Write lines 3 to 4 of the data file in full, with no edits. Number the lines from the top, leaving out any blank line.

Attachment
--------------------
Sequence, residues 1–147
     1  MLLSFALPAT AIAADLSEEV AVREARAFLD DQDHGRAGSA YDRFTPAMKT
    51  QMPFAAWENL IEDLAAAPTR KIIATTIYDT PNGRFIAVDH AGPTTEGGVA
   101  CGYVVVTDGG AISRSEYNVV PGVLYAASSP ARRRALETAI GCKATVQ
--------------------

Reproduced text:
    51  QMPFAAWENL IEDLAAAPTR KIIATTIYDT PNGRFIAVDH AGPTTEGGVA
   101  CGYVVVTDGG AISRSEYNVV PGVLYAASSP ARRRALETAI GCKATVQ